Internal communications is an evolving career and it has changed a lot. As an internal comms professional, you get an overview of everything a company or organisation does and that puts you in a very privileged position. Leadership teams share their strategy with you and invite you to forums where they discuss the future of the business. But you also see a lot of dysfunction in the corporate world, so you are partly there to iron out that dysfunctionality. It is also important not to prejudge people, or listen to other people’s judgements before forming your own, no matter what situation you find yourself in.

It is always helpful to think about any gaps you might identify in an organisation. For example, when joining Fortnum & Mason, I could see the company's Instagram was booming but on other channels there wasn’t always the same level of engagement. I was very keen to see the faces of the people behind the business. So that became one of the basic things I wanted to change. We implemented a strategy to tell employee stories, introducing things like #facesofFortnums to LinkedIn,because it is an incredibly diverse business with over 60 different nationalities.

What communications project are you most proud of?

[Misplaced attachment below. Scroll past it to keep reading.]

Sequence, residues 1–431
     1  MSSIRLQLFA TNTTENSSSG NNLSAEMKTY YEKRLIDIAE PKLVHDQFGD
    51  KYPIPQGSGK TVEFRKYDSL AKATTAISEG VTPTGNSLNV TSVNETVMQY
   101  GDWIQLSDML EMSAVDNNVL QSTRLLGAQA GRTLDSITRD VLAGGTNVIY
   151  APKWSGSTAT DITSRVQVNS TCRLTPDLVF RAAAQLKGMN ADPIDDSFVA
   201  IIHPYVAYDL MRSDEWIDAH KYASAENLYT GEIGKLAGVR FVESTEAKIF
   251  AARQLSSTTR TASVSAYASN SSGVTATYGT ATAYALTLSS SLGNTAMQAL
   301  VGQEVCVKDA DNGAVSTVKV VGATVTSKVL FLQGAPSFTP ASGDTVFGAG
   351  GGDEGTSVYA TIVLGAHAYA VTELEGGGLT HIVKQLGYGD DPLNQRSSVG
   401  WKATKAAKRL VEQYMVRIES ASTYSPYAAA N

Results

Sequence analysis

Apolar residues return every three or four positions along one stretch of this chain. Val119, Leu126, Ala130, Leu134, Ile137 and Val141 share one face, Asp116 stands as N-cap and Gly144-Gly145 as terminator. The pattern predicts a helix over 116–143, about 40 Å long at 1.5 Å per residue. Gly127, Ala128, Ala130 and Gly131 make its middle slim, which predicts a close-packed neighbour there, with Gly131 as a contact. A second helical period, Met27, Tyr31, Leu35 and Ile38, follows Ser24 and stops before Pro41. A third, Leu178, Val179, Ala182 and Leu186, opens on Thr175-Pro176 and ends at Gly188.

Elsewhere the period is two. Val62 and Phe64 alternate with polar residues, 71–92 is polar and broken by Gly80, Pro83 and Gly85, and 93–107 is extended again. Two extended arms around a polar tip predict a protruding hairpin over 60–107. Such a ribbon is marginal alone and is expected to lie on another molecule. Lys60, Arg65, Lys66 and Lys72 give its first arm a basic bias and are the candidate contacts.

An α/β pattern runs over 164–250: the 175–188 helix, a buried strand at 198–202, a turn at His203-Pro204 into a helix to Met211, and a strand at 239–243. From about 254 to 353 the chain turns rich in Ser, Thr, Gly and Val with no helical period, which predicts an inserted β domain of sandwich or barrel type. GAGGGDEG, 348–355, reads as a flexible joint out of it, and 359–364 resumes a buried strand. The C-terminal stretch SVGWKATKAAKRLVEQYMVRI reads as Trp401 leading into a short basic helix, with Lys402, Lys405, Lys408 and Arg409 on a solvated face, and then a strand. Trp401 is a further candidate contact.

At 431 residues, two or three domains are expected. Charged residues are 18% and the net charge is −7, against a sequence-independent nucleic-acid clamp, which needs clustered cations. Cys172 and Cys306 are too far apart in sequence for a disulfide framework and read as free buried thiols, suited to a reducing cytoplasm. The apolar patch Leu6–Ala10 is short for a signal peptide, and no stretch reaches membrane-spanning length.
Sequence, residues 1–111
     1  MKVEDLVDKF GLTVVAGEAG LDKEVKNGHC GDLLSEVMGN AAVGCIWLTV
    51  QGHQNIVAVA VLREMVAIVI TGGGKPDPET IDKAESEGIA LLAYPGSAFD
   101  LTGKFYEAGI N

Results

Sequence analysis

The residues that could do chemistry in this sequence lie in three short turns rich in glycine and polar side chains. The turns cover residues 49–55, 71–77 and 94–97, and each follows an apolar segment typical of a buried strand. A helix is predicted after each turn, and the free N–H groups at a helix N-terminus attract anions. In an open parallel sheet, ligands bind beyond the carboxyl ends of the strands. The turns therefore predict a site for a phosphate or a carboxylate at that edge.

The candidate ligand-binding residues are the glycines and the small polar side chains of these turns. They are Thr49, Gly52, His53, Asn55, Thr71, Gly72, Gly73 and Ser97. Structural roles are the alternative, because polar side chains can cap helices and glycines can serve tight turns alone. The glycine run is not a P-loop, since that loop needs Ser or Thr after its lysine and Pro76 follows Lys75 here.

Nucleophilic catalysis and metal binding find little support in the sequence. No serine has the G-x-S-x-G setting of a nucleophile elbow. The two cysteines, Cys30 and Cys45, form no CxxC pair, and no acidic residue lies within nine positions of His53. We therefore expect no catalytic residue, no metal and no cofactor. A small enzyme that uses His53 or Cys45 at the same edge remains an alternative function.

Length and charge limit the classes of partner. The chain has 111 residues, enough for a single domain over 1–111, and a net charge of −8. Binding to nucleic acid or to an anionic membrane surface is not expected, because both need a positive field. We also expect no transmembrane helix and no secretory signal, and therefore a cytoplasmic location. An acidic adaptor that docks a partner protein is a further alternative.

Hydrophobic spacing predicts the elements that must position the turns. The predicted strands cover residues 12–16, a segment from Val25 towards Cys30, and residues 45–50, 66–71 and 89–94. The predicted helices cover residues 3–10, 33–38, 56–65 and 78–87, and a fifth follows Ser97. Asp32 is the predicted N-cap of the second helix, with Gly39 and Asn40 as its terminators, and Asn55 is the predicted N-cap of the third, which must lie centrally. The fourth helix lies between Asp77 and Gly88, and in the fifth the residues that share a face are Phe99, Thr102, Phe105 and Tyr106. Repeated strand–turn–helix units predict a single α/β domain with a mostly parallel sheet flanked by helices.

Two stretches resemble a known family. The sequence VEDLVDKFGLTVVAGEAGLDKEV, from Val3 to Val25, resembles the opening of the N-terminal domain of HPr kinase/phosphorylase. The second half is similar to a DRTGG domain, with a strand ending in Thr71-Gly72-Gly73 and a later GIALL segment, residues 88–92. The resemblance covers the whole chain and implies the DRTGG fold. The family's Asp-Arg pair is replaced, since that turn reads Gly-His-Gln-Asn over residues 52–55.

The things you are proud of in your career are usually either the things you look back fondly on, or the things that outlast you. When I worked at John Lewis, we did a big piece of communication on strategy and their retail revolution. I had a close relationship with the IT director who had a number of connections at Google. John Lewis has a very engaged audience, so we persuaded Google to let us use its tools and test the response. This was a really successful project and long outlived my time there.

Equally in the construction industry, we worked hard to move from a very corporate style, to one that was much more connected to the projects. Over the years we did a lot of work getting out into the field, whether it was working on training courses in partnership with HR, executive level coaching or making films about the employee experience – which we then shared on LinkedIn and YouTube. We worked hard to change the industry from a diversity point of view, being deliberate and intentional to ensure more people are represented and heard. That is something I am proud of because I think it really made a lasting impact.

Find Comms from the Shed here.